That's one of the philosophies I use a lot of times early in tournaments. I'll play loose or aggressively or whatever it is; when you've got deep stacks, you have some room to maneuver, and whatever ends up happening, whether it be a mistake or people thinking you're a maniac, or whatever, just use that image to your advantage later. Whatever it is, it can change from tournament to tournament; I don't think you should go in with a set plan. You have to make sure that you realize what your image is and play off that image. That can be a huge advantage, because you can turn those mistakes into positive results later.

Chatbox Cunning

David "DumbHick" Hickman

Note: These questions relate to his win in the Full Tilt $750,000-guaranteed event on March 2, 2008.

On how to use aggression effectively when you have a big stack:

"Many times, especially when there are about two tables left, I can get a sense of which players are trying to just sneak into the final table and which ones are trying to accumulate chips, as well. I was able to take their betting patterns and get a read on how they all were playing, and whose big blinds would be easier to steal than others. It was mostly a combination of well-timed aggression and just trying to get a good feel for how the table was playing."

On how much he thinks winning a tournament with a large field is dependent upon luck, rather than skill:

"Playing well is the most important part; it's hard winning a huge-field tournament if you make too many mistakes throughout the course of play. But it's also hard to win a tournament without getting your money in bad at least once. So, it's important to find as many favorable situations as you can. You need to be focused, and you need to know the players you're playing against.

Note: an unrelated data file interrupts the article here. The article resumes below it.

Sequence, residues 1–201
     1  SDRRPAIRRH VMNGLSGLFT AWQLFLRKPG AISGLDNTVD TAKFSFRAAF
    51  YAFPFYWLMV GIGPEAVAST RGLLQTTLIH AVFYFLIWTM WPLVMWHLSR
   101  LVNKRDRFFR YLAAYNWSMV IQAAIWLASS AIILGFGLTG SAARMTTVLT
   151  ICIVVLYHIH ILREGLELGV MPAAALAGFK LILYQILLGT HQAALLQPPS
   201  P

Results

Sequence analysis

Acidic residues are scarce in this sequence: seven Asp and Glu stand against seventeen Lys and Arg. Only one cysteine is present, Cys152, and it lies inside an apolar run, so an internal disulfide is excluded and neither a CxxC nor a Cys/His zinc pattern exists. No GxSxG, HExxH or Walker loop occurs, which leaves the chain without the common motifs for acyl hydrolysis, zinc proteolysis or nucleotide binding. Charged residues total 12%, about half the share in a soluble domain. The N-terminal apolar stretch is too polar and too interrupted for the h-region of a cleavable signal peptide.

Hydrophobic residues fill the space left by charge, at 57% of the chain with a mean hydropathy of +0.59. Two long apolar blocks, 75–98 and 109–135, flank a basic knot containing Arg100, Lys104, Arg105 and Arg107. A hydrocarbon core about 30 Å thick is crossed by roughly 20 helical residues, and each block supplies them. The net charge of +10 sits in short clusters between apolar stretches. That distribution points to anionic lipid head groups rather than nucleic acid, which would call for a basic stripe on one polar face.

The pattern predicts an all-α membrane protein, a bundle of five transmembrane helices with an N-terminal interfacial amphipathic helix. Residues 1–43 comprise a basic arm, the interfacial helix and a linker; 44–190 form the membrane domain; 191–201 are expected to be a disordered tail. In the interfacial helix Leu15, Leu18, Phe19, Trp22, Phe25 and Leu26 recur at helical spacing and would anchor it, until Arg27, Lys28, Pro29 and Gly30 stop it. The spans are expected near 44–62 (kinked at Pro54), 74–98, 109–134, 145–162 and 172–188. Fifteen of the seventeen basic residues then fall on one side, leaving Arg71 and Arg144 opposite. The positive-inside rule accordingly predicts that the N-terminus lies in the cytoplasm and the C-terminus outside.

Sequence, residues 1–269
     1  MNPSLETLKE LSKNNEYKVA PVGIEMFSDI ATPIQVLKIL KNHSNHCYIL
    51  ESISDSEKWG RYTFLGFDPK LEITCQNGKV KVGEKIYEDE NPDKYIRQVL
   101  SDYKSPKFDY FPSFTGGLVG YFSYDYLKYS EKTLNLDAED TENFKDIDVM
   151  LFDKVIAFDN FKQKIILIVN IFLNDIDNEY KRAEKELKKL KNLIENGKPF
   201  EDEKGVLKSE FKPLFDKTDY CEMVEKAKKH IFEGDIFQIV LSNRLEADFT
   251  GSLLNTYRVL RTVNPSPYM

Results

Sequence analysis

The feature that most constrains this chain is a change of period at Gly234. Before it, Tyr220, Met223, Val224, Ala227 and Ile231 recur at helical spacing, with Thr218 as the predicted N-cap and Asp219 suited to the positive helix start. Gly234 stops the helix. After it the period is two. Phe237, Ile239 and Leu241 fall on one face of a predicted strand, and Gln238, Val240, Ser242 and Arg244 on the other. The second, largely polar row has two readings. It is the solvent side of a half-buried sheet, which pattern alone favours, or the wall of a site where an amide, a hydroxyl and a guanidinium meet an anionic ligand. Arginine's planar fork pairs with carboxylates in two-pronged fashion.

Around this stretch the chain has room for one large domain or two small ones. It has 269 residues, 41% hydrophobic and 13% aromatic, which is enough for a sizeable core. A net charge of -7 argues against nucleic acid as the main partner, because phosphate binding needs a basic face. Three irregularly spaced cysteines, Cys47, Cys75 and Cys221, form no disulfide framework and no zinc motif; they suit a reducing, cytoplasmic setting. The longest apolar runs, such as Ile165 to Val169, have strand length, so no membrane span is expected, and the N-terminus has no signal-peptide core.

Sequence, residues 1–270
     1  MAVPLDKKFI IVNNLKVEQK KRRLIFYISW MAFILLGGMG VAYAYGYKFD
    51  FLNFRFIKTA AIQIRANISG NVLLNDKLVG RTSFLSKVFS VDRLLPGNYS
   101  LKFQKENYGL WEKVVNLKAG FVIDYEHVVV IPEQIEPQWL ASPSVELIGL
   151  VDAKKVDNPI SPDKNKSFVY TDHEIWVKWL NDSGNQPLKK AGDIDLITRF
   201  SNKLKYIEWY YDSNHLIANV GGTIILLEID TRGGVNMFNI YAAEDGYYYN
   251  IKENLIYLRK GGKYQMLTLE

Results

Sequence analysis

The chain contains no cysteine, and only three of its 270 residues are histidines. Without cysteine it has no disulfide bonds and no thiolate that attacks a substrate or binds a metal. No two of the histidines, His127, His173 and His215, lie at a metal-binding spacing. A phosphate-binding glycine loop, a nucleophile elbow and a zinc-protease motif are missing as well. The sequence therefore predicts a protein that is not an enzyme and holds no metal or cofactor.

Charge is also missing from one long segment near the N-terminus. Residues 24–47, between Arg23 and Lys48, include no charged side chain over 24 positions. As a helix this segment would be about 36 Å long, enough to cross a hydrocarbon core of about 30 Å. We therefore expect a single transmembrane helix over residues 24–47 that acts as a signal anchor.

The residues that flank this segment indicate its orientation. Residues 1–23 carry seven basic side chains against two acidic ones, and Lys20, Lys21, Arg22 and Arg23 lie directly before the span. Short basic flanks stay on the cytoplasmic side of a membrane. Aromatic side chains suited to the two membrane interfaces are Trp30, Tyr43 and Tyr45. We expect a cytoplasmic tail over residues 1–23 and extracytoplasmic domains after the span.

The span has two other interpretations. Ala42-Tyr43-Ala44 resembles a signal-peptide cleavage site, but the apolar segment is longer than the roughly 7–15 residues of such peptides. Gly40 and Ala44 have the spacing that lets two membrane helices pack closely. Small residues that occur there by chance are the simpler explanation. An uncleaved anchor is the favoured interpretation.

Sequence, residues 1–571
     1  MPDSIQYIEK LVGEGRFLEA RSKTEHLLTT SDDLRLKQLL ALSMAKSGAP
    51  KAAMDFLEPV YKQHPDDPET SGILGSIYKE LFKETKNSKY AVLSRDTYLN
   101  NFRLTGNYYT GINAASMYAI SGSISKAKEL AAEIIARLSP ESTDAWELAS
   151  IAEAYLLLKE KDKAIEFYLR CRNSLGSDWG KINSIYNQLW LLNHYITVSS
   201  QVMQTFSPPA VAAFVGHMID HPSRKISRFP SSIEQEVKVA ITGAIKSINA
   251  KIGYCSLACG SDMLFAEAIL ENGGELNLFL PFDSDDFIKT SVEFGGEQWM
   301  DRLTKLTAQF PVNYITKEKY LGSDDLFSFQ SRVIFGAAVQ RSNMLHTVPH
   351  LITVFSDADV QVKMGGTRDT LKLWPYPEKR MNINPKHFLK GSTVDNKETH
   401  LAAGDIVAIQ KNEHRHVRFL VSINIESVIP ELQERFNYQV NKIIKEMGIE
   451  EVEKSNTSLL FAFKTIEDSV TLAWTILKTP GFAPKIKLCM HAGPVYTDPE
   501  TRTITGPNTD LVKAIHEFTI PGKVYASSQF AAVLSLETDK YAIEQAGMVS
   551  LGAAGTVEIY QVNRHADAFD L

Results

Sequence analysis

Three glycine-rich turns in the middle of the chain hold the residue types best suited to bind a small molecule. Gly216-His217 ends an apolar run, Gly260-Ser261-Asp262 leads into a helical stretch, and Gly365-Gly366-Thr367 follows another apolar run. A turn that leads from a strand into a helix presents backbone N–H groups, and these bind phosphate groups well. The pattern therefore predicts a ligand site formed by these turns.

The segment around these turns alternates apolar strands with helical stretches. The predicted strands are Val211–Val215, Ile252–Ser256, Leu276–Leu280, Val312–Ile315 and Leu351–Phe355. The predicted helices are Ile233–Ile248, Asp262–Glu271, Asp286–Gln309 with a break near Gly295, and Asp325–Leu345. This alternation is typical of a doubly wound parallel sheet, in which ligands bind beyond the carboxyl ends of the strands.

When you're navigating a huge field, you have more players to work through, and in order to make the final table, I think there is a little bit more luck involved, compared to a small field, just because there's much more play. This tournament lasted nine hours, and that's just more opportunities to take a bad beat or to possibly find yourself in an unavoidable situation. You have to use your skills to constantly accumulate chips in order to have a little bit of a cushion for when those types of beats or unfortunate runs of cards happen."

Marco Johnson: Crazy Good

By Craig Tapscott

Marco Johnson makes a conscious choice to lie low and let his game speak for itself, but that strategy was shot to hell this past fall. It happened during an Absolute Poker $1,000 no-limit hold'em event. Johnson questioned the final-table play of his heads-up opponent, PotRipper, and requested a hand history of the event. What he received from Absolute uncovered a superuser account that revealed holecards, which initiated the investigation that rocked the online poker world. Still, Johnson prefers to stay in the background – far, far away from all the drama.

"I don't want to be known as that guy from the Absolute Poker thing," said Johnson. "It's over. I don't want to be overly famous. I love the game and just want to make a good living."

Johnson first fell in love with poker while hanging out with his best friend Zachary, a nephew of poker icon Chip Reese. Reese's demeanor and words of wisdom inspired him. By the age of 15, Johnson was playing poker daily, learning his future trade. Instead of finishing college, he played limit poker by day at the local casinos, and by night, competed online in tournaments. At 21, he moved to Vegas, setting in motion a dream to become a professional player – and he is well on his way.

Last December, Johnson finished second to David Pham, cashing for $157,000, in a Five-Diamond World Poker Classic $2,500 event. Online, he's known as "Crazy Marco," and has won more than $1 million in tournaments across all sites. Most recently, he took down third place in a Full Tilt Poker Sunday $200 no-limit hold'em event for $56,000. The next goal on Johnson's wish list is a big finish in a World Poker Tour event. People may think he's crazy, but the brain behind the soft-spoken brawn knows what it's doing.

Craig Tapscott:
I heard you played in the San Francisco Bay Area with a fake ID.

Marco Johnson: Yeah. When I was 16, I started playing in the casinos. I knew I wanted to be a professional. At that time, all the action and best games were at the limit hold'em tables.

CT: At what level did you begin?